Consumer spending, investment growth and trade in goods, which have outpaced pre-pandemic epidemics, contributed significantly to the global economic recovery last year. However, after a decline of 3.4 percent in the previous year, the growth dynamics began to slow down at the end of the year. Even in large economies such as China, the European Union and the United States. The positive effects of fiscal and monetary stimulus disappeared and deep problems appeared in the supply chain.
Besides the ongoing pandemic, the increasing inflationary pressures in large advanced economies and many large developing countries pose an additional risk to the recovery, the report said. It is estimated that global inflation rose to 5.2 percent last year, more than two percentage points from the trend over the past decade.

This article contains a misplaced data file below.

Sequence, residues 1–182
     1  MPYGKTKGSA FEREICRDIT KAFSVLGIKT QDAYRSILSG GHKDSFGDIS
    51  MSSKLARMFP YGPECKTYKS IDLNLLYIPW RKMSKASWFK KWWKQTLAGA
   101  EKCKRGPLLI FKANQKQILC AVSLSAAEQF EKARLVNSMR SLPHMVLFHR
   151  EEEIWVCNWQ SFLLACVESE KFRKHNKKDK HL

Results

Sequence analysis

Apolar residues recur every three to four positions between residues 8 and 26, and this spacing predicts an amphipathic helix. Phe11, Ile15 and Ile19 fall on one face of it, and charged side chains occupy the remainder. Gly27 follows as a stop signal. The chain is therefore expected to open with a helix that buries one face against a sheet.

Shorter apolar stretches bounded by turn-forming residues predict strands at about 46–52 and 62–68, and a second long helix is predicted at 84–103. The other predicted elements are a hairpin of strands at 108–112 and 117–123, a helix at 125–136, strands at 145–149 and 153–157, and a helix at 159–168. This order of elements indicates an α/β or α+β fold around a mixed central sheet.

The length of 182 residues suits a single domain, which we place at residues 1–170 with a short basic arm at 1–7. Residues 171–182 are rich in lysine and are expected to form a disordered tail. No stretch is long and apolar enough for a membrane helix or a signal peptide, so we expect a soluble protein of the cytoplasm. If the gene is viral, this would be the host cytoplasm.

In advanced economies, supply chain problems and inflationary pressures are also exacerbated by labor shortages. However, growth is generally weaker in most developing countries and countries in transition.
The UN forecast is similar to that of the World Bank released on Tuesday. It cut estimates of global economic growth for this year to 4.1 percent, while until then it had forecast 4.3 percent growth. She cited the ongoing AIDS pandemic, reduced government economic support and persistent barriers in global supply chains as reasons.
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